Rural District's Partnerships Bear Fruit in Three Years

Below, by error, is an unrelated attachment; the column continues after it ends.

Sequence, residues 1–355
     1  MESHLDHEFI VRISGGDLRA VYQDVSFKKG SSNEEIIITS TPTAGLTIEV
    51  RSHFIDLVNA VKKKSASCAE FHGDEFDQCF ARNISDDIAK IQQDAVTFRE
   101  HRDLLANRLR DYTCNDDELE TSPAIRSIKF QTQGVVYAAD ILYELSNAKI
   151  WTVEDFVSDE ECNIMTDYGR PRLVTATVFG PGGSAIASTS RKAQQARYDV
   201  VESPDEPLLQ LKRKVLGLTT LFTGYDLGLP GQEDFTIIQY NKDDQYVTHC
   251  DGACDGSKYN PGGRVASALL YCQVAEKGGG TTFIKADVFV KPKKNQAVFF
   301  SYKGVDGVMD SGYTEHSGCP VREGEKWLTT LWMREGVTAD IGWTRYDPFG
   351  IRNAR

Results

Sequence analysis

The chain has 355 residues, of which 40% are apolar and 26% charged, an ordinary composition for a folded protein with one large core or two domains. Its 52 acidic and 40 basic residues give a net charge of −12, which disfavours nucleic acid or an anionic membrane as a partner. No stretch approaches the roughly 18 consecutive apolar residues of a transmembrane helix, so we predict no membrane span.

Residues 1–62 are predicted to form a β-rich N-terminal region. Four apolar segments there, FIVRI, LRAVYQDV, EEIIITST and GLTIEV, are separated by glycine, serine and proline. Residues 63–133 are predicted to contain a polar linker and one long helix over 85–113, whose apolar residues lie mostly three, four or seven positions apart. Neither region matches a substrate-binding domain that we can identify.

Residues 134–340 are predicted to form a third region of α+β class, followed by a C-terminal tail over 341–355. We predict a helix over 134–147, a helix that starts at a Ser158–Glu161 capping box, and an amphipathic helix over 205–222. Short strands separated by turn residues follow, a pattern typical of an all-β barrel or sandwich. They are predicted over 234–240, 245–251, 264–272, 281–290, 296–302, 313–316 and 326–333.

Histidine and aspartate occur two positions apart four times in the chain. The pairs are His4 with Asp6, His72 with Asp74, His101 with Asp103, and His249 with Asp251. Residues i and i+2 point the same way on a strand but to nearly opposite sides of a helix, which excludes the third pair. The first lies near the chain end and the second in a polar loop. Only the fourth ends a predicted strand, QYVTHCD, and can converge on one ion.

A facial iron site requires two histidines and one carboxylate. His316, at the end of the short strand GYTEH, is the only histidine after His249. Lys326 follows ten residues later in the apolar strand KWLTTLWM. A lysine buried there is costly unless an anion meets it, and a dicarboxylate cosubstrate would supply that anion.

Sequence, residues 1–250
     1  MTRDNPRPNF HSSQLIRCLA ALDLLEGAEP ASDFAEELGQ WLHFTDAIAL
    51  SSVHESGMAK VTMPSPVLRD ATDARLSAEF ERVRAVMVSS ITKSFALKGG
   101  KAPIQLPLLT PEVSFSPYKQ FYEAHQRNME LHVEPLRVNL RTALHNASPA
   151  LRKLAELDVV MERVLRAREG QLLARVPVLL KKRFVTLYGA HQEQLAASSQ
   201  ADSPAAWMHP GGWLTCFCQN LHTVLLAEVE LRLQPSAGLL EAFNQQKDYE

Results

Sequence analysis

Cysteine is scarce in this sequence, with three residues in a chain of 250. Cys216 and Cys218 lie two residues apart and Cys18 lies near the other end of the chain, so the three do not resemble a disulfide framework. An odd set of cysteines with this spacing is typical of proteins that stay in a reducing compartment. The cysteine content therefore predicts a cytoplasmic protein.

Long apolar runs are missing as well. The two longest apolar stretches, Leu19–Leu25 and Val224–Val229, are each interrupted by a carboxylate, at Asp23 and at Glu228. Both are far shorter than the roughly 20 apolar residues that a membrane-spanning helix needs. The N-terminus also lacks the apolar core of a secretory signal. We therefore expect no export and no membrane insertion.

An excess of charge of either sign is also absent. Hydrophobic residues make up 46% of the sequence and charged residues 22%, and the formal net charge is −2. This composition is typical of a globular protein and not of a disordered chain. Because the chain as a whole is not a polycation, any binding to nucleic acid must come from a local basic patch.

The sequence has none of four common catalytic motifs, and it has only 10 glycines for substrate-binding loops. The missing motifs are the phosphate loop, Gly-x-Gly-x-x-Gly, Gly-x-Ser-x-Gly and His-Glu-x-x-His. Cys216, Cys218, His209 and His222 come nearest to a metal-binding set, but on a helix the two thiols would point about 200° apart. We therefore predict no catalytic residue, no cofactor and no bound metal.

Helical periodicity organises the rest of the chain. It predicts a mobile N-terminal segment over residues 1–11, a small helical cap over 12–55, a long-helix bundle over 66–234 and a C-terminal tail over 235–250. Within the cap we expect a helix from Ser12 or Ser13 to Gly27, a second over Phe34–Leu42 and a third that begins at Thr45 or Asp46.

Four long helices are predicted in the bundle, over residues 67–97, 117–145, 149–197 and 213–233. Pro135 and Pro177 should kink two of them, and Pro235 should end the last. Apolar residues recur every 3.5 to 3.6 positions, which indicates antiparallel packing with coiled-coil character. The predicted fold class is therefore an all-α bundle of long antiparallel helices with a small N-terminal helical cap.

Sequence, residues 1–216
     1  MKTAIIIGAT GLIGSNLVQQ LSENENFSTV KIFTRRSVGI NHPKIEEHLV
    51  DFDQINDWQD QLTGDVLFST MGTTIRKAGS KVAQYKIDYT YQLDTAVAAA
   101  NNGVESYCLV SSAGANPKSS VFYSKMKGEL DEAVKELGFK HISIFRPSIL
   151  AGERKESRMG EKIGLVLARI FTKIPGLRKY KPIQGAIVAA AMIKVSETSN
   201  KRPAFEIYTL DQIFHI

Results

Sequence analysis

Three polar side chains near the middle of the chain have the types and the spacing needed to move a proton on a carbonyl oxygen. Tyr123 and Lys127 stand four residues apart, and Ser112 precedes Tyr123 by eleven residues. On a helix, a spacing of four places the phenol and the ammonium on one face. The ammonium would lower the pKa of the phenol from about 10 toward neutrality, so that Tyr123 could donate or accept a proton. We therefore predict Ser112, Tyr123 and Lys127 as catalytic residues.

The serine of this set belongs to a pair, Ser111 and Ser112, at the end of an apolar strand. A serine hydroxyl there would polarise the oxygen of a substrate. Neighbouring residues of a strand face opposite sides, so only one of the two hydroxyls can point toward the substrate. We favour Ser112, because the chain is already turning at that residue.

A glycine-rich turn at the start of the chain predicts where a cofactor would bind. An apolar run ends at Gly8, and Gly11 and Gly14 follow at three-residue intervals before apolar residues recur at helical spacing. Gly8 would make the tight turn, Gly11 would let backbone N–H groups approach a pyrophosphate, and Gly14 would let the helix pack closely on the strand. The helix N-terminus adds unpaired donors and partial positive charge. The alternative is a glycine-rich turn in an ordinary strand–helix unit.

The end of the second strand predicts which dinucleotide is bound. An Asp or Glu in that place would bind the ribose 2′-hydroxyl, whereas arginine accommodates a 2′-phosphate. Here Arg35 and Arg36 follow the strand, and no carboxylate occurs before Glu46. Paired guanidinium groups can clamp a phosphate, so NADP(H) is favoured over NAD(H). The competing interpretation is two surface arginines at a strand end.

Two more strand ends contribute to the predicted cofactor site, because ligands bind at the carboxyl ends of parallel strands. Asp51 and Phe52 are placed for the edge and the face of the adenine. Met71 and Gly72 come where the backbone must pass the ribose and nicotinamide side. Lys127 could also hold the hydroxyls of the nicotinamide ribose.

DR. DENNIS JENSEN, Superintendent Wayne Community Schools Wayne, Neb. Traditional school district boundaries, concepts and clients are no longer the dominate paradigm in Wayne, Nebraska --an American heartland. Through a unique collaborative effort, the scope of the district’s curriculum now includes the world. The community effort is fired by contributions from Wayne State College, Wayne Community Schools, Wayne Chamber of Commerce, Wayne City Council, the mayor, private businesses, federal and state agencies, and especially from the students themselves. The payoff is a powerful technological foundation that has enabled the district to offer services such as e-mail, graphical search mechanisms, fiber-optic speed, audio/video online capabilities, "take-home" computers, public library access to the Internet, staff training on curriculum and technology integration, automated libraries, automated school lunch program, central office telecomputing, tech-prep curriculum and much more. The most impressive aspect of the Wayne Community project, however, is its time span. In just three years, a rural school district in a town of 5,000 people was able to develop a multi-faceted technology service with over 330 networked workstations for 950 students -- beginning with $50,000 and the existing 26 Apple IIe’s in 1992. Back in the Beginning The motivation for moving the district in the direction of being a regional leader in technology began with its school board. At a regular meeting in the fall of 1991, a state review committee reported a lack of hardware and software use throughout the district. The panel recommended serious attention be directed at creating opportunities for students to learn about technology. In 1992, the superintendent organized a city-wide technology committee. They were to: set a technology vision for the district; establish goals in curriculum scope and sequence; evaluate software and hardware needs in every field and student service area; and, develop a timetable with which to measure status and success. Committee members were representatives of private business, Wayne Chamber of Commerce, Wayne State College, Nebraska Department of Education and the school district. They met throughout the summer and in the fall of 1992 gave a comprehensive program recommendation to the Board of Education at a meeting in October. Initial Steps Among the recommendations were: A 3:1 ratio of students to computers; A K-12 computer curriculum (separate from other fields); Industrial arts to industrial technology restructuring; Automation of the district’s three libraries; Distance education development; A networked computer lab; and A hardware purchasing plan focusing on IBM-compatible workstations. After approving the recommendations, the district was off and running. The board earmarked $50,000 in 1992 for seed money for costs of the initial stages. Combined with general fund dollars (the total district budget in 1992 was just over $4 million), the board’s investment grew to $75,000 and specifications were drawn for a 25-station computer lab in the high school to replace the typing room. During the bidding process to build the lab, Dennis Linster, director of Network Services with Wayne State College, shared his idea with the superintendent. Linster asked him to hold any bid openings until he could arrange for a summer-session class for graduate students entitled "The Wayne High Computer Lab." The course’s objectives were to design, implement and install the high school’s computer lab. This initial involvement of the college opened the doors to an unparalleled relationship between the school district and college that continues today. Past the Basics: What Next? By August of 1993, the district had 25 networked computers installed in the new computer lab with a central server located in the high school’s library connected via a 16 mbit Token Ring network. The cost savings enjoyed by the district was phenomenal -- because graduate students completed the physical labor -- estimates in savings ranged from $12,000 to $25,000. Participating graduate students benefited from the experience and transferred the knowledge back to their own districts. Although the computer lab represented a monumental step for the district, it was only the beginning of a collaborative atmosphere that blossomed. As the lab neared completion, the Board of Education wrestled with a new school budget. From the funds not spent the previous year, they transferred $101,000 into the new Technology Fund. Cost savings to build the lab were phenomenal because graduate students completed the physical labor; estimates in savings ranged from $12,000 to $25,000. The district retained its focus on the technology plan adopted in 1992 and began the following projects: Automating the middle and high school libraries; Building a tech lab in the industrial arts area of the middle school; Fully computerizing the central office and bookkeeping system; Expanding the Token Ring network in the high school and adding computers; Adding a CD-ROM tower to network; Providing training for staff on the network and Internet-access instruction; Automating a lunch ticket accounting system; and Implementing a distance education system in the middle and high schools with donations from Wayne State College and private businesses in Wayne. As the system grew, Dennis Linster was a constant resource for project development and design. Since the size of the system was becoming taxing on available volunteer time, Linster recommended the district consider the services of a talented college student majoring in computer systems operation. Mike Eckhoff, a Wayne High graduate in 1993 and a college freshman, became the primary supervisor of the technology implementation plan. A high school senior, Trevor Schr'eder, became Eckhoff’s assistant. The district hired Eckhoff on a part-time basis to be technology director. Schr'eder continued to donate his time to the district in order to gain first-hand experience in network operations. Distance Education Activities A distance education project started in the fall of 1993 with financial support from Wayne businesses and from Wayne State College Foundation. The project’s goal was to embellish the high school Spanish III course by having a two-way, audio/data/ video link in real time with a school in Juarez, Mexico. The distance education mode chosen was a simple telephone line connected to a computer, a VCR camera and a speaker, allowing an interactive course to be team taught between two sites. Faculty training was provided by TSN, Inc. in Boiling Springs, Pa. and by the Pennsylvania Department of Education on the campus of Wayne State College and at Wayne High School. Teachers from Wayne were furnished with training as were teachers from Juarez and Cancun, Mexico. The distance education failed due to problems in Mexico, but a second undertaking was started in the middle school with grades 6-8 using videophones attached with schools in Japan. In March of 1994, a third distance education activity began with funding from the National Science Foundation and leadership contributed by the Nebraska Department of Education, Division of Technology. Through the guidance and assistance of then-director Melodee Landis, the just-released Windows version of CU-SeeMe software (developed by Cornell University) was tested as a beta project in Nebraska between the Wayne and Omaha North High Schools. The project had technical problems initially. But in further tests, the DOS version of CU-SeeMe worked well for site-to-site distance education applications. The benefit Wayne schools reaped from the distance education project grants was hardware and software allowing simultaneous access to Internet from all networked workstations. The district remains actively involved in pursuing distance education projects, especially those using the Internet as the connecting link. Spanish instruction is still provided through a satellite downlink for grades K-3. A "Lighthouse" District Shines In the summer of 1994, the district was chosen to receive a $91,000 award from U.S. West. This regional telephone company sought school districts committed to technology for the purpose of developing "lighthouses" to serve as models throughout the state of Nebraska. The award was directed to the 1992 technology plan and, with various installations, enabled the district to: Bolster the number of K-8 workstations; Network both middle and elementary schools to the Wayne campus with Ethernet and Token Ring topologies; Create a network topography for possible ATM applications in the future; Purchase 20 laptop computers for fourth graders to take home and use for assignments. The Board of Education, in the summer of 1994, also earmarked $60,000 for computer technology needs in K-12. Additionally, the board had the foresight to permit the high school Industrial Arts department to convert to a tech-prep lab with funds provided through a lease-purchase program. The principle reason for the board’s interest in restructuring the Industrial Arts curriculum relates back to a 1991 NCA/state department review. The report indicated only 8% of students participated in the Industrial Arts program, while 28% of the high school’s total facility space, as well as two full-time instructors, were devoted to it. As a result of the newly implemented tech-prep program (and the positive influence of other factors such as faculty support of curriculum change), the 1995 student enrollment in the Industrial Arts program was about 37% of the high school student body. Finally, the fall of 1994 saw: Fiber-optic cable linking the buildings on the Wayne campus together -- all networked computers are driven by a Novell server and a Linux machine for e-mail and Web publishing, which are located in the high school library; The middle school library automated; A staff development program instituted by the building principals allowing substitute teachers to be hired for staff training on technology applications during the school day; Training on WordPerfect 6.0a for the high school business teacher, Sharyn Paige, in Omaha, Neb., with funding provided through Northeast Technology Community College in Norfolk, Neb.; A networked computer in the teachers’ professional library in the high school (a gift from Complete Computers, a local business in Wayne, Neb.